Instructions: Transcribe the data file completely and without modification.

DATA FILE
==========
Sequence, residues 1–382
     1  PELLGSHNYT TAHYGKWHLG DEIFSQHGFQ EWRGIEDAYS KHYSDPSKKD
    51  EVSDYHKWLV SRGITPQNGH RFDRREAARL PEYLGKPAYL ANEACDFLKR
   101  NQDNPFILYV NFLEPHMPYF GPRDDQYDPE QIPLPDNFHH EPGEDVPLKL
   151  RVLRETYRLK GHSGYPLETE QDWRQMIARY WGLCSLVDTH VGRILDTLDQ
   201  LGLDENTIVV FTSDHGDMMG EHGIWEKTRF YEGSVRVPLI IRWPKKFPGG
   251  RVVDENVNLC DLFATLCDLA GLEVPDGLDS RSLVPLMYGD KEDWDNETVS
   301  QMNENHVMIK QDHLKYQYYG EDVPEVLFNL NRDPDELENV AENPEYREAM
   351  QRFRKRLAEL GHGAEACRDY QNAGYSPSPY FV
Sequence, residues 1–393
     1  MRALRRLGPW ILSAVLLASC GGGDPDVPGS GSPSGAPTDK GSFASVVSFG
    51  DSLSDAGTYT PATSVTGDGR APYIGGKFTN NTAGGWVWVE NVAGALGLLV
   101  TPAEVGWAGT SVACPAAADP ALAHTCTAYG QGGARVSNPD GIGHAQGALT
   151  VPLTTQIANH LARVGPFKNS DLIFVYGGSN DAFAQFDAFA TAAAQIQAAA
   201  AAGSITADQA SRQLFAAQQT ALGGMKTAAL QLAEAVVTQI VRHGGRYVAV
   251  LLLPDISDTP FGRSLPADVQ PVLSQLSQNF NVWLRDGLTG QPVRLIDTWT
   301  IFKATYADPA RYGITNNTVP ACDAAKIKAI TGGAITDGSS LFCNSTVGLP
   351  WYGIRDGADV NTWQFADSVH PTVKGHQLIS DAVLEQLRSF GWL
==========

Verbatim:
Sequence, residues 1–382
     1  PELLGSHNYT TAHYGKWHLG DEIFSQHGFQ EWRGIEDAYS KHYSDPSKKD
    51  EVSDYHKWLV SRGITPQNGH RFDRREAARL PEYLGKPAYL ANEACDFLKR
   101  NQDNPFILYV NFLEPHMPYF GPRDDQYDPE QIPLPDNFHH EPGEDVPLKL
   151  RVLRETYRLK GHSGYPLETE QDWRQMIARY WGLCSLVDTH VGRILDTLDQ
   201  LGLDENTIVV FTSDHGDMMG EHGIWEKTRF YEGSVRVPLI IRWPKKFPGG
   251  RVVDENVNLC DLFATLCDLA GLEVPDGLDS RSLVPLMYGD KEDWDNETVS
   301  QMNENHVMIK QDHLKYQYYG EDVPEVLFNL NRDPDELENV AENPEYREAM
   351  QRFRKRLAEL GHGAEACRDY QNAGYSPSPY FV
Sequence, residues 1–393
     1  MRALRRLGPW ILSAVLLASC GGGDPDVPGS GSPSGAPTDK GSFASVVSFG
    51  DSLSDAGTYT PATSVTGDGR APYIGGKFTN NTAGGWVWVE NVAGALGLLV
   101  TPAEVGWAGT SVACPAAADP ALAHTCTAYG QGGARVSNPD GIGHAQGALT
   151  VPLTTQIANH LARVGPFKNS DLIFVYGGSN DAFAQFDAFA TAAAQIQAAA
   201  AAGSITADQA SRQLFAAQQT ALGGMKTAAL QLAEAVVTQI VRHGGRYVAV
   251  LLLPDISDTP FGRSLPADVQ PVLSQLSQNF NVWLRDGLTG QPVRLIDTWT
   301  IFKATYADPA RYGITNNTVP ACDAAKIKAI TGGAITDGSS LFCNSTVGLP
   351  WYGIRDGADV NTWQFADSVH PTVKGHQLIS DAVLEQLRSF GWL